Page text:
Now more accessible than ever, there's never been a better time to discover the magic of the Kimberley wilderness along the rugged and remote Gibb River Road.
Read on to discover the best things to see and do on the Gibb River Road, or find and book accommodation on the Gibb River Road today.
Remote, raw and utterly wild, the Kimberley remains one of Australia’s last bastions of wilderness, a place as enigmatic as ever and the stuff of dreams for enthusiastic offroaders. Its popularity skyrockets every winter when around two million visitors journey along the Gibb River Road in search of grand vistas, to bathe beneath palm-fringed waterfalls, and to experience the stillness and solitude that comes with being a long way from anywhere.
From the King Leopold Ranges to Kununurra, the Kimberley’s vast savannah landscape of rugged red ranges, hidden gorges, Indigenous art and incredible wildlife has lost none of its appeal. It is still isolated, still pristine and still one of the most adventurous destinations in the country.
The calling card of the Gibb River Road has long been its rough and rugged 4WD tracks – making it one of Australia’s premier offroad destinations. As roadworks continue to groom the corrugations out of the Gibb, a new breed of offroad-ready vanners with sound rigs and adventurous spirits are queuing to cross the Pentecost River and experience time out on this once rugged pathway through the country’s far north-west.
There’s something for everyone to enjoy on the Gibb River Road though - if 4WDing isn't your thing, with swimming, fishing, bushwalking, camping and kayaking just some of the many activities on offer along the track.
This rugged high country capped with flat-topped mesas and pink quartzite escarpments elevates travellers, providing grand vistas. If you cruise through at daybreak, prepare for a truly awe-inspiring sight: the ranges are bathed in golden, early morning light and corellas rise above the river in spectacular, snowy swirls. The star of the park is Bell Gorge: an accessible canyon carved by a small stream that spills over a five-tier waterfall and fills a deep amphitheatre and plunge pool below. This is one of the best places to get wet in the Kimberley.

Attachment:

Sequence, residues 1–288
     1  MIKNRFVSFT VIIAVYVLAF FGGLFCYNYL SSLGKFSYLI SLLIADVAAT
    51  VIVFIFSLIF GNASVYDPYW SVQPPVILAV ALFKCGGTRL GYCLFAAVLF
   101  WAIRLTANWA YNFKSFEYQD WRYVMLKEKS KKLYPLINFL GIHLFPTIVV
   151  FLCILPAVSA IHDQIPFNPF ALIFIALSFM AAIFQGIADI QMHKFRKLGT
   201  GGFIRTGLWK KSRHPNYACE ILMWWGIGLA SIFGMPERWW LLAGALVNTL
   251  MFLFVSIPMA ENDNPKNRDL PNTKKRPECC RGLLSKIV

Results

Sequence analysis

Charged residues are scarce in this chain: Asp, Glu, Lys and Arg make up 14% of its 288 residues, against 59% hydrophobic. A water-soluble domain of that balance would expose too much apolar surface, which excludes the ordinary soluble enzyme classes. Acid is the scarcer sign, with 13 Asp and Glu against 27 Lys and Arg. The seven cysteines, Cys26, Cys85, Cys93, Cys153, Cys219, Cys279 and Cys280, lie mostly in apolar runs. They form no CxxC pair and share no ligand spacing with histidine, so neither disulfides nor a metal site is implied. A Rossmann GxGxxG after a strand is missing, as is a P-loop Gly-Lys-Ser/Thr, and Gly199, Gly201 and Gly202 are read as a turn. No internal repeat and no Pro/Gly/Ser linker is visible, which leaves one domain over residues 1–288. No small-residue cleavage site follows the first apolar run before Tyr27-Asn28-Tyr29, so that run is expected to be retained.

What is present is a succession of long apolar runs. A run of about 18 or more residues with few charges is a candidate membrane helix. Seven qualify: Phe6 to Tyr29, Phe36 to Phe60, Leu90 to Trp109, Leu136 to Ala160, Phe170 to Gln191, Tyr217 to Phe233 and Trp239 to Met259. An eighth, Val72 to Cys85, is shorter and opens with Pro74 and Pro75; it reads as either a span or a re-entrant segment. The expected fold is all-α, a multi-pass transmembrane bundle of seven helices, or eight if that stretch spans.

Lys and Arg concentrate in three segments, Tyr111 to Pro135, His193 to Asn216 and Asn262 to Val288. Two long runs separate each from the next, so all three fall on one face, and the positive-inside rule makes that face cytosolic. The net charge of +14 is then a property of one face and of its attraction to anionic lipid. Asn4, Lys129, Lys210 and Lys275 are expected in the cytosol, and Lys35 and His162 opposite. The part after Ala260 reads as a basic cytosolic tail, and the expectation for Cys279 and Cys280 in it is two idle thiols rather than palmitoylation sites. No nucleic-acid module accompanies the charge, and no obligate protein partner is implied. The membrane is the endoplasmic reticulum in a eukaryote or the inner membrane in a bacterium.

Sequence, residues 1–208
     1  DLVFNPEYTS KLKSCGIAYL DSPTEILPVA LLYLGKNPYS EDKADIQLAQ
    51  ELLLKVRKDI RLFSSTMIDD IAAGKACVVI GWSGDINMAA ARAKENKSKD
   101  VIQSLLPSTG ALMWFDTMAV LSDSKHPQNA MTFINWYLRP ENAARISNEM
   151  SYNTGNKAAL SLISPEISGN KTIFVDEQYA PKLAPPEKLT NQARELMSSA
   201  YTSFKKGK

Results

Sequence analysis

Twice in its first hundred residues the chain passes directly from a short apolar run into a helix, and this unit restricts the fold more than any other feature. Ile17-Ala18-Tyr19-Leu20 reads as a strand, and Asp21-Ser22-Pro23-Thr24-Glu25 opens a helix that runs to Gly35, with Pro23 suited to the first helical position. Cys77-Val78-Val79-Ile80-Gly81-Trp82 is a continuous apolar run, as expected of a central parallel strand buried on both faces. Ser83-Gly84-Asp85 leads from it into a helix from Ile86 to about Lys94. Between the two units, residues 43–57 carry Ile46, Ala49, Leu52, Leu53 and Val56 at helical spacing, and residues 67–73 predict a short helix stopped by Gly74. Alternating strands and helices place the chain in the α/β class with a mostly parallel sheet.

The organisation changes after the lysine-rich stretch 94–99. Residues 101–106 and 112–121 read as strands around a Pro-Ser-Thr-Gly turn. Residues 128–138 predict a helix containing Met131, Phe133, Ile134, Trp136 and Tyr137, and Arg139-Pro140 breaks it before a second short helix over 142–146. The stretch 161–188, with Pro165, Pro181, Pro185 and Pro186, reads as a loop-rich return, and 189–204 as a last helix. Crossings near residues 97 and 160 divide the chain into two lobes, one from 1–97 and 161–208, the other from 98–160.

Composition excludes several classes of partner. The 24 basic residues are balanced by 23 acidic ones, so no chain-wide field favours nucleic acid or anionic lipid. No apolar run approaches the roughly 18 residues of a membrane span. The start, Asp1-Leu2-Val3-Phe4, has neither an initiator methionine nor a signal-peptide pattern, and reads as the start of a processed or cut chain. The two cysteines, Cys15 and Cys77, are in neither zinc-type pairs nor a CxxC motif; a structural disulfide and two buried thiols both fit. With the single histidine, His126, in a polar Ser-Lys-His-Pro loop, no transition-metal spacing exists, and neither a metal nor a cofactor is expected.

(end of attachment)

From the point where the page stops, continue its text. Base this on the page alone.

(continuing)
Galvans Gorge is a picturesque sight: ferns feeding on the waterfall’s mist, fig trees clinging to the rock face and a shady pool fringed by pandanus palms. There’s also Indigenous rock art hidden behind boulders at the water’s edge, and make sure to watch out for water monitors soaking up the sun as it inches over the high gorge walls. It’s a popular spot for a swim, so arrive early to enjoy the gorge before the trickle of travellers start arriving.
Dramatic gorges and waterholes aside, El Questro offers a dizzying array of tours and experiences, with facilities that belie its remote location. Because it lies just 100km from Kununurra, El Questro can pull quite a crowd, so don’t expect the delicious isolation you’ve cherished at camps further west. On the upside, there’s a dozen ways to fill your days and spend your cash if a splurge is overdue. Favourite, popular spots include Emma Gorge for a swim beneath the falls (and a resort lunch afterwards), the rocky thermal pools and waterfalls at Zebedee Springs, and Amalia Gorge for the rainforest trail that disappears into waterholes you have to rock-hop and wade through.
The Gibb River Road is a 650km stretch of road in WA’s Kimberley region. It begins in Derby and ends at either Wyndham or Kununurra.
As weather conditions can be extremely unpredictable during the wet season, the Gibb River Road is frequently closed from about December to March. That makes the dry season, from April to November, the best time to travel along the Gibb River Road. Regardless of what time you travel though, it’s always important to check road and weather conditions beforehand.
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